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The Disclosure Process

Step 1:

How comfortable are you talking about your disability? 

Do you know which accommodations you will require in the workplace?

Do you know where any required equipment could be purchased/obtained?

Identify (by yourself or with other’s support) what accommodations you may need during the hiring process or on the job.

Weigh the benefits, risks and timing of disclosure.

  • If you decide not to disclose, make sure you can perform the essential functions of the position before accepting it.
  • If you decide to disclose, plan in advance how you will handle it
  • Whom to tell (e.g., interviewer, HR representative, etc.)?
  • What you will say?

In this image, there are five adults conversing around a table with the NEADS banner behind one individual.

Step 2: When to Disclose

There is no right or wrong time to disclose. Disclosing ones need for accommodations depends largely on the nature of the work, and whether your disability requires you to receive an accommodation to perform the work.  

  • Decide how specific you will be in describing your disability
  • General terms: a medical condition, a disability, etc.
  • If you’re comfortable doing so, specifically refer to your disability or exact diagnosis
  • Please note, you do not have disclose your disability, label, or diagnosis. Please refer to Samantha Dubord’s “The Duty to Accommodate”.

Remember, try to use language that is informative, yet non-threatening. Be concise in your explanation and prepare brief answers for anticipated questions.

It may be helpful to frame your disability in a positive way–focusing on what you bring to the table (e.g., resourcefulness, an ability to problem-solve, an inclusive mind-set) which will bring a strengths-based approach to your disclosure. Describe the skills that you have that make you able to perform the essential functions of the job including:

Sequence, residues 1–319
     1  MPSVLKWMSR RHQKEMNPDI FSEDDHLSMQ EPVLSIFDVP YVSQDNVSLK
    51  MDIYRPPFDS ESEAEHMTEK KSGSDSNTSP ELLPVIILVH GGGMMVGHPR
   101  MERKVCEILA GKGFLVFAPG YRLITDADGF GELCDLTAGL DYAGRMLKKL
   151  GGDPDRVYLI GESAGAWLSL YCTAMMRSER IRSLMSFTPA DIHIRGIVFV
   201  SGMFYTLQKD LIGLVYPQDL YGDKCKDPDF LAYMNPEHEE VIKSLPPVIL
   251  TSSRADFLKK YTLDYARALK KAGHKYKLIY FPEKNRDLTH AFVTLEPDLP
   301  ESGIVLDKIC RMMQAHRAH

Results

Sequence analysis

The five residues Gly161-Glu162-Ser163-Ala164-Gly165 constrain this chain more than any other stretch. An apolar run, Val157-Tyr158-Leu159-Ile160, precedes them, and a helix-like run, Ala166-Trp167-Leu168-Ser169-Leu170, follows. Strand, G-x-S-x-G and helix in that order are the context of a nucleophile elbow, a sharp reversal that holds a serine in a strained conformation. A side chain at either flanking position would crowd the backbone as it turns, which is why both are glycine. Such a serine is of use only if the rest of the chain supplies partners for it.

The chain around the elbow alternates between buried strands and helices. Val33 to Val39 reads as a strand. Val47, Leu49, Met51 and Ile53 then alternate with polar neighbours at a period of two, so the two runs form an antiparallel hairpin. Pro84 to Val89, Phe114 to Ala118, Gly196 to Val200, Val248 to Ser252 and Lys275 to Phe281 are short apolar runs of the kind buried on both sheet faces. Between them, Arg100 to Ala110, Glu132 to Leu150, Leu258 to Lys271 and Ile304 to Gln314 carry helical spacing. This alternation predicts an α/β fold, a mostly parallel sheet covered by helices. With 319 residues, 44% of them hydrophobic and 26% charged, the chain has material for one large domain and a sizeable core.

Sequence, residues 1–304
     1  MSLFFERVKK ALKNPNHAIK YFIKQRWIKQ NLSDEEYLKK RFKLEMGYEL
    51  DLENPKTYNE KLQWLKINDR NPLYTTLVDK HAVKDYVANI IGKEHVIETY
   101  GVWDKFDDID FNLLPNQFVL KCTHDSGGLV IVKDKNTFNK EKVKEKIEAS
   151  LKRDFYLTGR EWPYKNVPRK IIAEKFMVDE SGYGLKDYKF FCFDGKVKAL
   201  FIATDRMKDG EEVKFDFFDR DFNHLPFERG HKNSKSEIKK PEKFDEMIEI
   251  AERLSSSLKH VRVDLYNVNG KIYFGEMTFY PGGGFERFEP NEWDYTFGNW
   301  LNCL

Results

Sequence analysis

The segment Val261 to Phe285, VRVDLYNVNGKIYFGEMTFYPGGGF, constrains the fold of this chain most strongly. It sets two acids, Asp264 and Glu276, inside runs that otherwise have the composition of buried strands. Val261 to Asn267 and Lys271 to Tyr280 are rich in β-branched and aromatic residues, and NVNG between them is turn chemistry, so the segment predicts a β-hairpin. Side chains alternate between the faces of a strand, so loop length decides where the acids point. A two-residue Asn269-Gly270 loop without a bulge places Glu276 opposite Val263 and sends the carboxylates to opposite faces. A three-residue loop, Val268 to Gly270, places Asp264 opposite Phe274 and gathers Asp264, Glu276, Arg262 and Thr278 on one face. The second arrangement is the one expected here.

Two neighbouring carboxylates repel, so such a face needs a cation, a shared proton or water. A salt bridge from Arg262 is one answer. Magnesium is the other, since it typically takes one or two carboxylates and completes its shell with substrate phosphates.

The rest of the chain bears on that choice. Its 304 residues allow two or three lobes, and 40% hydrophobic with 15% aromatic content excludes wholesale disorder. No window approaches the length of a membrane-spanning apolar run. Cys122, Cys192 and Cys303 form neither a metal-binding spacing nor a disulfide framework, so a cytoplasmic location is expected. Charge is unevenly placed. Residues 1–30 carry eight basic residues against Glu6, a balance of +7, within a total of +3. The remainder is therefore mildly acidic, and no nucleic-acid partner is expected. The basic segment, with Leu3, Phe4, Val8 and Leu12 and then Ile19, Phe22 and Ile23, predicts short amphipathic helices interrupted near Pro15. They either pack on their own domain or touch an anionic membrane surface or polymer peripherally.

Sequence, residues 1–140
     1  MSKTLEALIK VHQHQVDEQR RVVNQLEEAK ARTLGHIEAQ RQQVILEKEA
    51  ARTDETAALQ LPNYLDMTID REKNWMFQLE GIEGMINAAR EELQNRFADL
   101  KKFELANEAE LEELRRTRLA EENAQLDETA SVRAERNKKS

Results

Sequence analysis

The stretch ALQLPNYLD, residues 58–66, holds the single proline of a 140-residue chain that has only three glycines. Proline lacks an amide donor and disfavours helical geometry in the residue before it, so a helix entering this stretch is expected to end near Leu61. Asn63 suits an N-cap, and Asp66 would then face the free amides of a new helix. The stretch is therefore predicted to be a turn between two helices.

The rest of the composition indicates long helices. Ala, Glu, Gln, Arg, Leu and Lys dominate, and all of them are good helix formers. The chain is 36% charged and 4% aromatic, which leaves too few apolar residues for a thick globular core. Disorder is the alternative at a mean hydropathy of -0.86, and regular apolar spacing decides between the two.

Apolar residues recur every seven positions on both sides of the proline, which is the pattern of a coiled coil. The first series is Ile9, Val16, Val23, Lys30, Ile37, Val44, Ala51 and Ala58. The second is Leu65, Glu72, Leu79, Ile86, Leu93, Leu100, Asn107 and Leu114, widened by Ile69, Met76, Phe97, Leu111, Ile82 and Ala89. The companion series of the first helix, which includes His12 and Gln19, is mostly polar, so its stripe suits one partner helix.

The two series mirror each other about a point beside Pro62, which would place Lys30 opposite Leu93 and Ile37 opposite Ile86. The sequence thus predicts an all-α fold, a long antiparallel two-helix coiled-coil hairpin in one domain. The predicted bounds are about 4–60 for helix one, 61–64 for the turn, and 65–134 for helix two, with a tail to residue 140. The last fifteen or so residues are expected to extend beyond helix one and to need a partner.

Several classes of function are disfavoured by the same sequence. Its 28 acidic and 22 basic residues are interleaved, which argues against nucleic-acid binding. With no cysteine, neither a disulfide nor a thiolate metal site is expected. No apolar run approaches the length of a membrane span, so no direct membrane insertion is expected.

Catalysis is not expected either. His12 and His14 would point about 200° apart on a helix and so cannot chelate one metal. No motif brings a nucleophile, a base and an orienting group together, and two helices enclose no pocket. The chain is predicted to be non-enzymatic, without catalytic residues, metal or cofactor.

• Qualifications
  • Technical Skills
  • General Work Skills

It may be useful to describe any functional limitations caused by your disability that may interfere with your performance and identify those accommodations you may need to overcome those limitations.

Step 3: Prepare a Script (if necessary)

“I have [name of disability]. Currently, I have (the skills required) to do the essential functions of the job. Sometimes, [functional limitations] may interfere with my ability to [duties you have trouble performing]. It helps if I have [name the specific accommodations you need]. I work best when [other accommodations].”

Rules for “Good Disclosure”

  1. Script your disclosure. Write it down and have it critiqued. Run through it with friends who are employers and with people in the working world.
  2. Rehearse your disclosure script until you feel comfortable and good about it, not only with your lips, but also with your body language.
  3. When you prepare your script, avoid being too clinical or too detailed. It may beof great interest to you, but the interviewer wants to know only 3 things: i) will you be there?; (ii) can you do the job as well or better than anyone else?; (iii) will you be of value to the company?
  4. Remember your script and be positive about your skills and abilities. The more positive and confident you are, the more you will convey that you are you and you “just happen to have a disability.” Conversely, the more you discuss your disability, the more important it will become in the employer’s mind.

The bottom line is that you and the employer must both feel comfortable.

Suggestions for Disclosure Scripts

“I have (preferred term for disability). Currently, I can/have the skills required to do (the main duties) of the job, but sometimes (functional limitations) interfere with my ability to (duties you may have trouble performing). It helps if I have (name the specific accommodations you need). I work best when (other accommodations).”

You could also add the following information…

“Sometimes you might see (symptoms or behaviors associated with symptoms). When you see that, you can (name the action steps for the employer). Here is the number of my (employment specialist, doctor, therapist, previous employer, JAN, etc.) for any information you might need about my ability to handle the job.”

References:

Disclosure Options for Employment, Adapted from (Aase and Smith, 1989; Witt, M.A., 1992) provided by Brock University: Bridge to Success.

For an excellent “Disclosure Script” worksheet handout, click below:
https://brocku.ca/ccee/wp-content/uploads/sites/68/Disclosure-Script.pdf

 

For a version of this document in Adobe PDF, please click below:
The Disclosure Process
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